Last week I had about 150 redpolls at my feeders and feeding on the ground. They were feeding on millet and spilled nyger seeds on the snow. I was delighted — until then, only a few redpolls had come to my feeder this year.
Common redpolls are tiny birds, streaky on the back and the sides, with a rosy-colored spot on their heads. They are in the finch family, closely related to goldfinches and pine siskins. The females and young birds’ breasts are white, and the adult males have a bright pink breast.
Back in January, while snowshoeing in Bangor, I saw thousands of tiny birch seeds on top of the deep snow, each seed about a millimeter long. Up close, the seeds looked like tiny flies with transparent wings on each side. I like to call this “the sign of the redpoll.”
If you see thousands of birch seeds on the snow, the redpolls have been overhead, perched in the trees, having a feast.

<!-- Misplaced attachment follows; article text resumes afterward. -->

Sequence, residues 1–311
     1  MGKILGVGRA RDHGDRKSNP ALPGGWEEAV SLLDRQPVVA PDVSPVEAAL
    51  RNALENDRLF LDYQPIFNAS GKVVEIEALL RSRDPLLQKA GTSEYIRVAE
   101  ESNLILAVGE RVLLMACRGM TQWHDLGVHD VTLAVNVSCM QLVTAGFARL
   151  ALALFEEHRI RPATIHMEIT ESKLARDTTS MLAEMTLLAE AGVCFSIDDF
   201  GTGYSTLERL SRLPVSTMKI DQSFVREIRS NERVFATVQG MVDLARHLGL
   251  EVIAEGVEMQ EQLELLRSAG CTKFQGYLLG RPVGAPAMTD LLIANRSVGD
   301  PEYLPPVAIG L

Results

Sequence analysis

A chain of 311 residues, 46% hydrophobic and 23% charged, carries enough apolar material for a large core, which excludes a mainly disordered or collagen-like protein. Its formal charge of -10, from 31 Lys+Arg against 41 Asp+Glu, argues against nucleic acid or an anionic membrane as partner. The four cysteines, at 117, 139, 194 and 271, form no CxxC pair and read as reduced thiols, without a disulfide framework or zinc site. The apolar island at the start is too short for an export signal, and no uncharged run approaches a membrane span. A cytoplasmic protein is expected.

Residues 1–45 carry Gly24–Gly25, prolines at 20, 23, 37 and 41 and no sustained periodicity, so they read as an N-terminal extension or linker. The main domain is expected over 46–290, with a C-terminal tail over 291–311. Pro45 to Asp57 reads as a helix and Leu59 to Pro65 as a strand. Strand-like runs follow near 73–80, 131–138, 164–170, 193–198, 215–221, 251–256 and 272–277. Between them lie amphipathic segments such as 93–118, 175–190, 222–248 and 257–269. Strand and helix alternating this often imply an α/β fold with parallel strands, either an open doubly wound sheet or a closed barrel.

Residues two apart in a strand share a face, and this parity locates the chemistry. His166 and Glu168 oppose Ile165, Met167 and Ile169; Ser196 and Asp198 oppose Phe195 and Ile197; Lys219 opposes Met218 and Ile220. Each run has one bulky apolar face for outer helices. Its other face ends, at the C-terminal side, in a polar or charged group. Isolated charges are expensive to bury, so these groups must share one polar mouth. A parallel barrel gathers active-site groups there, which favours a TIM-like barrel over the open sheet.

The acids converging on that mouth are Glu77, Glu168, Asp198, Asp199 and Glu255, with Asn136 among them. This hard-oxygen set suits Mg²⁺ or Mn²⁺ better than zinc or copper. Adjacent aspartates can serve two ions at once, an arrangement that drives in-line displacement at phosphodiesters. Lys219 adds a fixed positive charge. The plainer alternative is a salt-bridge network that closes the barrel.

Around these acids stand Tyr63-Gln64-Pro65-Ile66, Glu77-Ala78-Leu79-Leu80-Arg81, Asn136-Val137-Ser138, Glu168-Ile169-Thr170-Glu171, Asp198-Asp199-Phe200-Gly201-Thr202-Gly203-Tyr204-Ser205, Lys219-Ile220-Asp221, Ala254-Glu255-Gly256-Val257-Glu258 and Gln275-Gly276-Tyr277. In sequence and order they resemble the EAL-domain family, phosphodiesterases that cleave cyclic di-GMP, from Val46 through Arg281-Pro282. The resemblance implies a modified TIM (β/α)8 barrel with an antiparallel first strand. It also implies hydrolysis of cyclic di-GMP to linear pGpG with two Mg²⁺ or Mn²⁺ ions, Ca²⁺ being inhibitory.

As I snowshoed along, I came upon about 100 redpolls in birch trees. I watched them as they perched, reaching upward, reaching over or reaching downward with their heads and bills to eat those tiny birch seeds.
In the woods, I couldn’t study each one. They were high up in the tops of trees, against the sky.
At home, I could study each and every redpoll at my feeder. That’s because I wanted to find a hoary redpoll among the many common redpolls.
Only three times in my life I have spotted a hoary redpoll in Maine. To get an ID of a hoary redpoll accepted into a birding data base, one has to submit a good photo or a very detailed description.
I hoped to see another one. Suddenly I spotted a lighter individual among the other redpolls. Instantly the big flock flew away — they all disappeared. A predator must have come by, perhaps a sharp-shinned or Cooper’s hawk. There goes my chance to find a hoary redpoll. Oh, well.
After that big flock of redpolls left, no flock of that size has come to my feeders again — only flocks of about 20 redpolls. And no bleached-out redpoll has appeared again. But I’m still hoping to see another hoary redpoll.
For information on Fields Pond Audubon Center, call 989-2591.